Toshiba said it has begun volume shipments of its MBF family of enterprise hard drives, the same units the company announced back in February. Though it has taken some four months to ramp up production, Toshiba's MBF drives remain the industry's highest-capacity, small form factor enterprise HDDs yet available.
"Toshiba’s MBF series enterprise-class drives possess a range of technological advancements that enable us to deliver flexible computing systems targeted to the exacting needs of our customers," said Mike Turricchi, director of product management, NCS Technologies, which designs solutions for the military, government, and commercial market sectors. "MBF series drives not only allow us to engineer systems with greater storage density to support storage consolidation, but the design characteristics of 2.5-inch drives also mean that they operate more efficiently in a broad range of demanding temperature, vibration, shock, and altitude conditions. In addition to storage systems based in branch offices and data centers, our customers rely on these drives for solutions used in field, mobile, aviation, marine, and seismic environments."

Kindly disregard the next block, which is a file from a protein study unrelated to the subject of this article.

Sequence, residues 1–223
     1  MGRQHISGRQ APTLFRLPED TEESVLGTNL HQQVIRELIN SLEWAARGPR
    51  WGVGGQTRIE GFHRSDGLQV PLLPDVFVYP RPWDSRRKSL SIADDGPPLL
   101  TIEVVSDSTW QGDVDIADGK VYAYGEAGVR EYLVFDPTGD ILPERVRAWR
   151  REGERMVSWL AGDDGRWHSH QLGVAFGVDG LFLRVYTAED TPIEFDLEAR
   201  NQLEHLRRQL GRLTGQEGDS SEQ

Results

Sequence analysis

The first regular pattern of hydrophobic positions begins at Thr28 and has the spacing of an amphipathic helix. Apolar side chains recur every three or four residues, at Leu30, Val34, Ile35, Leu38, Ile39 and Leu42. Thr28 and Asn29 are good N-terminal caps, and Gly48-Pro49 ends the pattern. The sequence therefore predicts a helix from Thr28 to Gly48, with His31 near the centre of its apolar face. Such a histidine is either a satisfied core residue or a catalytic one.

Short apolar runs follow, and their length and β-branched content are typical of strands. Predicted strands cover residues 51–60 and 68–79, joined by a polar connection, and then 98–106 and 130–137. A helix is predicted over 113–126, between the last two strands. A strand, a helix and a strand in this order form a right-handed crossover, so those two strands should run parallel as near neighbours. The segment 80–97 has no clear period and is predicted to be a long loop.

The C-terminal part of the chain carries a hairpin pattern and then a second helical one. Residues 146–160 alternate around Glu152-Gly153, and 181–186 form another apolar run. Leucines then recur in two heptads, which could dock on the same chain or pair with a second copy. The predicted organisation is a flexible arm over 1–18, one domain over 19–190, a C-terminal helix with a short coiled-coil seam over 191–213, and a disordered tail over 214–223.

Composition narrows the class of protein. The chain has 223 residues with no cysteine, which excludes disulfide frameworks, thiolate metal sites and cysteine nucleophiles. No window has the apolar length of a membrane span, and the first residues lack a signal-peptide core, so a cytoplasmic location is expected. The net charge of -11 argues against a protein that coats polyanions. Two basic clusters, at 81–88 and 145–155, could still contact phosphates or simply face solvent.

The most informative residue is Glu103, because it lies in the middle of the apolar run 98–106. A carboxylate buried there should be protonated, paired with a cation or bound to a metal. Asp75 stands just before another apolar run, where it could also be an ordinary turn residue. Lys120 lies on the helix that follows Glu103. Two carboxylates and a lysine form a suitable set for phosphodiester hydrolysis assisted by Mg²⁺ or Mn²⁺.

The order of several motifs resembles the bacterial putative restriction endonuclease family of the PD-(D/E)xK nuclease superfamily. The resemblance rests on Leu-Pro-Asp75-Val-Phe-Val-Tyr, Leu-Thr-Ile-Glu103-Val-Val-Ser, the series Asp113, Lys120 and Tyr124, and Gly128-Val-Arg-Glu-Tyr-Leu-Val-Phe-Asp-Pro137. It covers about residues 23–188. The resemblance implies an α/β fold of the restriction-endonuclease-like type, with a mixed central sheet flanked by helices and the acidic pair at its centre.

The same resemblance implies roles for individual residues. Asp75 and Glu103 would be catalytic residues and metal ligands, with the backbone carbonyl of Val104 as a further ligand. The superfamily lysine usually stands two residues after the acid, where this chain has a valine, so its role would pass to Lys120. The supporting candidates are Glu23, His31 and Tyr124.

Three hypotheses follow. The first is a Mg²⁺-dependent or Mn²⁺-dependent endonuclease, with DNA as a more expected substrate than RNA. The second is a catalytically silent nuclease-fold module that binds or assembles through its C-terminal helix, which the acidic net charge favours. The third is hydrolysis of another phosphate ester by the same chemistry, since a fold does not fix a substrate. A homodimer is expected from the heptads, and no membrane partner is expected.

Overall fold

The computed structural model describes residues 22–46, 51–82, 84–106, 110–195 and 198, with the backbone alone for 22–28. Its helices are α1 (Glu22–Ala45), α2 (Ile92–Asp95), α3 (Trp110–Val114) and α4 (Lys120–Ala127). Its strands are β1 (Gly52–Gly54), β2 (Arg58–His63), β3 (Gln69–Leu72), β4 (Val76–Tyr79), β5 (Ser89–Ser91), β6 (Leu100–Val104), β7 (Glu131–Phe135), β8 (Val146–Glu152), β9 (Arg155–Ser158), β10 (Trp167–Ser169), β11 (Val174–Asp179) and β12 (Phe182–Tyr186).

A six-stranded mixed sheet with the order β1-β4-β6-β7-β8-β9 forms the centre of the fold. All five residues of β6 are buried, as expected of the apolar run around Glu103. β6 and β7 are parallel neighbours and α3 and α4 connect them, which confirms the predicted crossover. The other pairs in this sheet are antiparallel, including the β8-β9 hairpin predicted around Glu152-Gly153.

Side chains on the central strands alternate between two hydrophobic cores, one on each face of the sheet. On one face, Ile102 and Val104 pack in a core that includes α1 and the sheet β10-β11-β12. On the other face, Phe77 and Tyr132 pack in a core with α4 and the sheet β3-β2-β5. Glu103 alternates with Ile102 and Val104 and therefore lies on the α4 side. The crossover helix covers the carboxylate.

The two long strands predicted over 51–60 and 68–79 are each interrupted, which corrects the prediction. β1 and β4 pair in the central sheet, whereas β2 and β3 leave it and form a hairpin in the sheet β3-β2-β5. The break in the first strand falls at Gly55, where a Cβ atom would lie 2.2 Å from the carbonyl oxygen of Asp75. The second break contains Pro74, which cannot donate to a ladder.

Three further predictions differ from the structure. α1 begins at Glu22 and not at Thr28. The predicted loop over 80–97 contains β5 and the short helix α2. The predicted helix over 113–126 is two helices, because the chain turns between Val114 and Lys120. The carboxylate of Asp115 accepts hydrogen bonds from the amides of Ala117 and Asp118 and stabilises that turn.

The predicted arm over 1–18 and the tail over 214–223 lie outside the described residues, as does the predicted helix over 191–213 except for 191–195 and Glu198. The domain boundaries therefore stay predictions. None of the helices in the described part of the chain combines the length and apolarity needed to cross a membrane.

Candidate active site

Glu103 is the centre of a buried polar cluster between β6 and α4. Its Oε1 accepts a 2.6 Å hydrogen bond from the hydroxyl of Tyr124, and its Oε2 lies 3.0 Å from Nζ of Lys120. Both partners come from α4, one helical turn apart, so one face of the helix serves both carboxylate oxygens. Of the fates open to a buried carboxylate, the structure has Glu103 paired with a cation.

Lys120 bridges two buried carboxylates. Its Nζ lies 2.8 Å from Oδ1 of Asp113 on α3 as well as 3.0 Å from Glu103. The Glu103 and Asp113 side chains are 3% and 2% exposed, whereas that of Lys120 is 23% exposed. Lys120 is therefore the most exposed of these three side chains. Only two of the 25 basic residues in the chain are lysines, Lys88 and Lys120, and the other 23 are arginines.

The MBF drives come in 300GB, 450GB, and 600GB capacities with each one featuring a media transfer rate of up to 216MB/s. Each drive also comes with 16MB of cache, a slightly faster than 10,000 RPM, SAS 2.0 interface, 6Gb/s interface, and weigh 220g or less, Toshiba says.
Toshiba today announced the Dynabook TX/98MBL, the industry's first notebook to support 3D Blu-ray playback. With a 15.6-inch LED backlit display, Toshiba's newest Dynabook comes bundled with both WinDVD BD for playing Blu-ray discs and Nvidia's 3D Vision software and hardware.
Other features consists of an Intel Core i7 740QM processor (1.73GHz stock, 2.93GHz Turbo Boost), 640GB hard drive, up to 4GB of memory, Nvidia GeForce GTS 350M graphics with 1GB of onboard RAM, remote control, and a "selectable OS" all wrapped in a "velvety black finish."
Toshiba's pushing the Dynabook TX/98MBL for a late July release in Japan for an as-yet unannounced price point (some reports have it selling for around $2,750). The company also plans to launch this one in the U.S. market, but no word yet on when.
Asus, which has showed an increased interest in the mobile market the past few years, wants to become a top-3 notebook vendor and is apparently willing to buy its way there, according to a report in the Chinese-language Commercial Times.
As the Commercial Times tells it, Asus chairman Jonney Shih is pretty adamant about growing its notebook business through acquisitions, and has already reached out to Toshiba. Nothing has yet been finalized, and it's not even clear how far the two are in discussions about a possible deal.